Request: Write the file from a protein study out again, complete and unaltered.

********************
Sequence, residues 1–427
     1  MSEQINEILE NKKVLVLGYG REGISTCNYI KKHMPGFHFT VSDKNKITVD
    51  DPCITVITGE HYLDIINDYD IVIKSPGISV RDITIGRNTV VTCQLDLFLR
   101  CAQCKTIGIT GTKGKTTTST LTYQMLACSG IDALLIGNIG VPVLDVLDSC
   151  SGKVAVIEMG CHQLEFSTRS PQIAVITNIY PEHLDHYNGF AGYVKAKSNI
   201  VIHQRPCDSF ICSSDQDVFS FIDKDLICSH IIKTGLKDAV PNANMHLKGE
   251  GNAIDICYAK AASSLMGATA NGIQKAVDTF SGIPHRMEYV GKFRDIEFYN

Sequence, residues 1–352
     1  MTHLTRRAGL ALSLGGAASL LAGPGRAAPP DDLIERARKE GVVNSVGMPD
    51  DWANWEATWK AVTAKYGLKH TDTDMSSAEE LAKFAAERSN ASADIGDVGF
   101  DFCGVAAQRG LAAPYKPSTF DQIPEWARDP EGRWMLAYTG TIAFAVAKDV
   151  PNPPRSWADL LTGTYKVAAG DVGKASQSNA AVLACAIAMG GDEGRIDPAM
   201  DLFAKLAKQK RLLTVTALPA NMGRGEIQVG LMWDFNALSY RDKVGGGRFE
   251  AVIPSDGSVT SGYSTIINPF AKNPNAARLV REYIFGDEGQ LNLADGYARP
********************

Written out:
Sequence, residues 1–427
     1  MSEQINEILE NKKVLVLGYG REGISTCNYI KKHMPGFHFT VSDKNKITVD
    51  DPCITVITGE HYLDIINDYD IVIKSPGISV RDITIGRNTV VTCQLDLFLR
   101  CAQCKTIGIT GTKGKTTTST LTYQMLACSG IDALLIGNIG VPVLDVLDSC
   151  SGKVAVIEMG CHQLEFSTRS PQIAVITNIY PEHLDHYNGF AGYVKAKSNI
   201  VIHQRPCDSF ICSSDQDVFS FIDKDLICSH IIKTGLKDAV PNANMHLKGE
   251  GNAIDICYAK AASSLMGATA NGIQKAVDTF SGIPHRMEYV GKFRDIEFYN

Sequence, residues 1–352
     1  MTHLTRRAGL ALSLGGAASL LAGPGRAAPP DDLIERARKE GVVNSVGMPD
    51  DWANWEATWK AVTAKYGLKH TDTDMSSAEE LAKFAAERSN ASADIGDVGF
   101  DFCGVAAQRG LAAPYKPSTF DQIPEWARDP EGRWMLAYTG TIAFAVAKDV
   151  PNPPRSWADL LTGTYKVAAG DVGKASQSNA AVLACAIAMG GDEGRIDPAM
   201  DLFAKLAKQK RLLTVTALPA NMGRGEIQVG LMWDFNALSY RDKVGGGRFE
   251  AVIPSDGSVT SGYSTIINPF AKNPNAARLV REYIFGDEGQ LNLADGYARP